Eagles head coach Nick Sirianni signals during the first half...

Eagles head coach Nick Sirianni signals during the first half of an NFL preseason game against the Jets on Aug. 12, 2022, in Philadelphia. Credit: AP/Matt Slocum

Calling Nick Sirianni’s coaching chops into question is nothing new.

It’s been happening since he stammered his way through a comically poor introductory news conference so rife with raised eyebrows that he had to quickly apologize to his players for the bad look. It followed him through last season when he took us — and the team — on a long-winded metaphor about flowering plants that seemed more apt for a Home Depot seminar than an NFL locker room.

At that point it seemed he might be better suited for an orange smock than the dark green gear he got to wear as one of the supposedly 32 top football minds in the world.

This week, though, Sirianni came under attack at an unlikely time and from an unlikely source.

First of all, it happened as he was preparing his Eagles team for the Super Bowl, the literal proof of his ability to accomplish the vision he had for the organization in less than two years on the job.

Secondly, it came from the Giants, a division rival he has beaten the last four times he faced them while outscoring them by a combined 149-68 in five total meetings.

Well, it came from one Giant in particular. Safety Julian Love, appearing on “Good Morning Football” on NFL Network during the week, didn’t just downplay Sirianni’s role in his team’s success. He denied its existence.

“He’s a guy who is really doing a good job because he’s not getting in the way of his team,” Love said. “He has an experienced roster from top to bottom, offense, defense. He’s in for a free ride right now.”

He basically equated Sirianni to the “coach” of a fantasy football roster and then turned to the crew gathered around the table in studio.

“You guys can coach this team.”

Predictably, there were Eagles who took umbrage and came to Sirianni’s defense.

“People always got something to say when they at home,” linebacker Brandon Graham told reporters. “He said anybody can coach this team? It’s like, man, it don’t matter, because at the end of the day, it’s on your GM and your president and people to be able to bring guys in and sign guys and have people want to come to this organization. I mean, it’s a whole bunch of different factors other than just him talking about Coach Sirianni. A lot of people just mad because of what happened this season.”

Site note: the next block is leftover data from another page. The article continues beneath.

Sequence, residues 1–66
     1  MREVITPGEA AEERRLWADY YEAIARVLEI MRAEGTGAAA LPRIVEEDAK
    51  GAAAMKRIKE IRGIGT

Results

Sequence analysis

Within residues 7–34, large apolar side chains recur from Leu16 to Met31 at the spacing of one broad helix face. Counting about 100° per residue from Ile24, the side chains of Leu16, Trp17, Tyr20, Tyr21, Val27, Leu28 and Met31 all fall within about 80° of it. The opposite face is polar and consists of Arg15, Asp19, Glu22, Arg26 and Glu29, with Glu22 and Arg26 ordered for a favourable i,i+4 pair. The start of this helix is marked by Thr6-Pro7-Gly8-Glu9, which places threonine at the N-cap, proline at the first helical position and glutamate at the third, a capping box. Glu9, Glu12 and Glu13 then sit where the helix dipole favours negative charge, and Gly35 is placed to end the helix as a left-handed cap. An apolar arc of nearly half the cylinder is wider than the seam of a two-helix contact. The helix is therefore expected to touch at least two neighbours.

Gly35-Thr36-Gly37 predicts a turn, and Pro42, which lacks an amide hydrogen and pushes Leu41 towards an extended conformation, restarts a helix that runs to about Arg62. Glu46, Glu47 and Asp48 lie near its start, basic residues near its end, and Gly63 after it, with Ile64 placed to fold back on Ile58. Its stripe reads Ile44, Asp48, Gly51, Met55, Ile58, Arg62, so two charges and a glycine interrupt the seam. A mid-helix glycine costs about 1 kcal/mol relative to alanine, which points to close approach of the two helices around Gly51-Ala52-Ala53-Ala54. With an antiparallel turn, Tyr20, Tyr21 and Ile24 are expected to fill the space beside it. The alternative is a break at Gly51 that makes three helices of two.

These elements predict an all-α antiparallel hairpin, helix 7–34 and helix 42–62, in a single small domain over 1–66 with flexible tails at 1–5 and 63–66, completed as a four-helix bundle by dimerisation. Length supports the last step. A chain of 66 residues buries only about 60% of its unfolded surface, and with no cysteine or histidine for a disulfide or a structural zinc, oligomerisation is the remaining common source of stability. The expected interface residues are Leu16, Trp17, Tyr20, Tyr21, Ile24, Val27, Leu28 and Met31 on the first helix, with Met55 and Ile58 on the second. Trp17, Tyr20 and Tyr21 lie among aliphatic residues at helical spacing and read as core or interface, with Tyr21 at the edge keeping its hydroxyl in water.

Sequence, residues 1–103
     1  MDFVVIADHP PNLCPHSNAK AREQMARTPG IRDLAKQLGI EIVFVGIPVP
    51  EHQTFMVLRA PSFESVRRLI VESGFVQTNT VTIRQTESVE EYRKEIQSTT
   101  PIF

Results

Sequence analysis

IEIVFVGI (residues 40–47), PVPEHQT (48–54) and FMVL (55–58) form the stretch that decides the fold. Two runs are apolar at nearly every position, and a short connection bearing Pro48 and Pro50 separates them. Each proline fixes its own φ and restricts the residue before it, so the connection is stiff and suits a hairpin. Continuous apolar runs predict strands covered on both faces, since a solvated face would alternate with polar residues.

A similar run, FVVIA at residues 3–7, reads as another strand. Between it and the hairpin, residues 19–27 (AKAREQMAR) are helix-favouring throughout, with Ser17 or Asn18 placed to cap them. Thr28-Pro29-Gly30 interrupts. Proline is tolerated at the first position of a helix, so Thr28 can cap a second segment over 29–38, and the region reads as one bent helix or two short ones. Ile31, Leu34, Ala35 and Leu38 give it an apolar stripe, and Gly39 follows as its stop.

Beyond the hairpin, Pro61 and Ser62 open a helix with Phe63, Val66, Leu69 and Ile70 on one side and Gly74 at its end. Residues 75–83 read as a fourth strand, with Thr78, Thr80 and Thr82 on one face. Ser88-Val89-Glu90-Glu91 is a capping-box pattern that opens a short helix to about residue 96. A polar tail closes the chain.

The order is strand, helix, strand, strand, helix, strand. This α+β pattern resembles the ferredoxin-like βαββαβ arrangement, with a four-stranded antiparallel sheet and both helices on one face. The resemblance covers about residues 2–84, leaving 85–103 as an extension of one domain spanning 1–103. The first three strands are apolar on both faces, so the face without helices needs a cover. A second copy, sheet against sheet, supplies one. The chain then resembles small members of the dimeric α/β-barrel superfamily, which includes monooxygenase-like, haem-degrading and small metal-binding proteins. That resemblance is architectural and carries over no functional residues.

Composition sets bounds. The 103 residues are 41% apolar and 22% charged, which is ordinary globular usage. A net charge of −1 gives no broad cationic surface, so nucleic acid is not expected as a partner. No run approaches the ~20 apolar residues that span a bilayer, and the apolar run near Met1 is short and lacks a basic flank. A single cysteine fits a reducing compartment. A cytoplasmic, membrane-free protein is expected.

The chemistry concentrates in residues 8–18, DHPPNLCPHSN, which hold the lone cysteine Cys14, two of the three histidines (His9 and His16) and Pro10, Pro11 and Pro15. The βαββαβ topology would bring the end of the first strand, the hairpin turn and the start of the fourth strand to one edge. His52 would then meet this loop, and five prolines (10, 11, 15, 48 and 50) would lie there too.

Guess what?

They’re both right.

That’s really what coaching in the NFL is all about, being the right guy at the right time. Sirianni undoubtedly is that for this team.

It’s not about having one way of doing things and bending the team to your will. The Giants tried that with Joe Judge and it failed miserably. It’s also not about having such a loose grip on the reins of a roster that it takes off in its own direction. Anarchy never wins.

Just because Sirianni didn’t, very early in his tenure, appear to fit the mold of what we think of as a polished communicator and serious play-schemer didn’t mean he would not succeed. It certainly upped the importance of his team performing well enough to justify his sticking around to get to this point in his career, but it wasn’t a career death sentence.

Nor was his firing from his first NFL job. In Kansas City. At the hands of Andy Reid.

Sirianni was a wide receivers coach at the time, and when Reid took over as the head coach in 2013, one of his first decisions was to kick Sirianni to the curb.

“He pulled me into the office and asked to meet with me and told me face-to-face that he had a guy [to fill my spot] but had heard good things about me, and I appreciated that, his honesty, his ability to get to me as soon as he possibly could so I could move on and find another job,” Sirianni recalled this week. “I didn’t get a chance to pick his brain at all or anything like that, but I’ve got a ton of respect for Coach Reid and who he is as a person and who he is as a coach. His record speaks for itself, but you talk to anybody and they think even higher of him as a person.”

Coaches come in all shapes and sizes, all types of personalities. If there were a list of perfect traits, what a boring world that would be.

It’s much more critical to match a style to a team.

Chances are high that at some point this coming week, either the Giants’ players or the Eagles’ players will have a chance to crow about their head coach. Brian Daboll, having turned around the Giants in his first season with them, is a finalist for NFL Coach of the Year (Doug Pederson and Kyle Shanahan are the other finalists; the winner will be announced Thursday night at the NFL Honors program). Sirianni didn’t make that list, but he has the bigger honor potentially awaiting him on Sunday.

Daboll was able to get the most out of the Giants just as Sirianni has been able to do for the Eagles.

Two very different men. Two very different approaches.

They’re both right . . . for their respective teams.

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